On 14 September the lovely Tine Bech joined us in the Studio to give a Lunchtime Talk on ‘Playful experiences for curious visitors.’ Tine is a visual artist and researcher working with interactive installations and public art. Her work combines electronics, location tracking technology and the environmental elements such as gravity, water, sound and light to create playful experiences for curious visitors.

Her work has been shown both nationally and internationally, in venues including Victoria and Albert Museum, Sackler Centre, The Science Museum, SIGGRAPH Art Gallery (USA) and Aarhus Centre for Contemporary Art (DK).

Tine joined us to talk about how the development of artistic projects inform her doctoral practice-based research at the Digital Cultures Research Centre, her projects Catch Me Now, Chromatic Play and Tracking You, a new piece she is currently developing.

Tine opened the talk by briefly giving an overview of the doctoral research, which focuses on the development of a model for making playful and interactive artworks and the creation of a directory of play that demonstrates the different kinds of play that are initiated through interactive artwork. The model aims to encourage audience engagement through play and physical participation.

Tine talked about the way we interact within galleries, she explained there has been a shift due to the digital age; as more work is interactive, we are being encouraged to be tactile, to explore, and to most importantly play within galleries. Tine then went on to introduce
her recent projects: 

Catch Me Now

Catch Me Now is a unique interactive spotlight, which plays with the audience. A small spotlight is moving randomly around on its own, until the audience steps into the light, when the light stops and opens up to the user in a play of light via a variety of programmable motion cues. The focus is moved to the audience, the playful light when caught will grow, enabling the person to step into the light and take centre stage, encouraging participation and possibilities for play and performance.

Tine explained that Catch Me Now is based on a very simple concept, it is the opposite of a spotlight; instead of the ‘player’ being followed by the light, they have to chase it. She explained that one of the first things she always thinks about at the beginning of a project is how she can make an interface that makes it really clear that you are meant to play and touch, without having to read a sign first. While observing the project she found that kids were captivated by the light and would immediately follow it around the room trying to catch it. Tine said she started to wonder if she had created a piece of artwork that was super child friendly, but no adults would play. Tine realised that if a child starts to play, our first reaction is to stand back and let them have the experience. However after observing the project at an adult only night at the science museum she found that adults were just as likely to experience the work, suggesting a hierarchy of play with young people at the top of the pyramid.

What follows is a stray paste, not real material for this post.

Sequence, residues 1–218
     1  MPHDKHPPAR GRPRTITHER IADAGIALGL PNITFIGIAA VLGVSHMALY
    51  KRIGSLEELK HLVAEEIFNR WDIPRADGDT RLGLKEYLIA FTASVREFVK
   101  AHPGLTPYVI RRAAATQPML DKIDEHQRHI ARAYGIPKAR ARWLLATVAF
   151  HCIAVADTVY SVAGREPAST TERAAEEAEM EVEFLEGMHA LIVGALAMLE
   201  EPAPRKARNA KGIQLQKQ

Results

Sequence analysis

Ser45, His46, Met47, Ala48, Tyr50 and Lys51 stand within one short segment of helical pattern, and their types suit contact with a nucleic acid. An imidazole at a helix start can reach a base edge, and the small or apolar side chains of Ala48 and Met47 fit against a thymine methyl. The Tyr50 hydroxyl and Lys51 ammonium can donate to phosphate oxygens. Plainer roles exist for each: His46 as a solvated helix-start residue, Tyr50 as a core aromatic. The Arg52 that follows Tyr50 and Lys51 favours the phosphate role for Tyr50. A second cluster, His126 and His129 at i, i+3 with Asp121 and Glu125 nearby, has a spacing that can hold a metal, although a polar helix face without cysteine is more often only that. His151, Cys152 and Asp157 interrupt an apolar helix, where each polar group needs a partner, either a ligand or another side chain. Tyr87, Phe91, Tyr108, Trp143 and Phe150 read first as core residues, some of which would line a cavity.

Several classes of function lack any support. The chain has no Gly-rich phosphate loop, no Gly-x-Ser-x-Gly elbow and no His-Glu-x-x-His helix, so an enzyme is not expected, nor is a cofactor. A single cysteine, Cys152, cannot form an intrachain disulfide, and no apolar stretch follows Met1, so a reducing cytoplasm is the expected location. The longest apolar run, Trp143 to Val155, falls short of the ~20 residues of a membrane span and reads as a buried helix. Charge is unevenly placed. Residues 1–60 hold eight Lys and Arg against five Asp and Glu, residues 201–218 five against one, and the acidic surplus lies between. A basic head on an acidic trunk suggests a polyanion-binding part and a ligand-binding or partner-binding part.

You can watch a video of Catch Me Now at the Victoria and Albert museum here: http://www.tinebech.com/interactive/catchmenow/video.html

Chromatic Play 

Three light sculptures change in colour as you move around them. These sculptural creatures communicate with each other and generate playful colour schemes as they detect spectators. They create a space of immersion which encourages interactions and exploration. It was programmed by Louis Christodoulou.

Tine explained that Chromatic Play was a more immersive experience rather than playful, it was a much more intimate experience than Catch Me Now. Tine spoke about the tension between the aesthetics of the piece and the interactivity of the work, but ultimately as a visual artist the aesthetics normally takes precedent. When observing Chromatic Play she said the main thing she took was how much better children recognise an invitation to play rather than adults and will invent their own rules and game mechanics without prompting.

You can watch a video of Chromatic Play at the Victoria and Albert museum here: http://www.tinebech.com/interactive/catchmenow/video.html

Chromatic Play was commissioned by Surrey Light Project, an interdisciplinary research project at the University of Surrey, part of a research project by academics in Arts, Engineering, Sociology and Physics at Surrey, exploring the science, performance and experience of light in the environment.

Tracking You

Tine went on to introduce her latest piece Tracking You that showcased at the V&A Digital Design Weekend. In Tracking You visitors are invited to wear a cape augmented with RFID tags and use movement to generate sounds. Participants can wear one of five beautiful digitally printed silk capes and identify and change the rhythm of their sounds according to how fast they move.

After Tine introduced Tracking You, Tom Mitchell who programmed the piece led us over to the testing area over the Studio kitchen and invited everyone to have a go.

Tracking you was supported by the Digital Cultures Research Centre, UWE and Ubisense.

You can watch a video of Tracking You at the Victoria and Albert museum here: http//vimeo.com/51016294

You can find out more information about all of Tine’s projects and her research on her website here.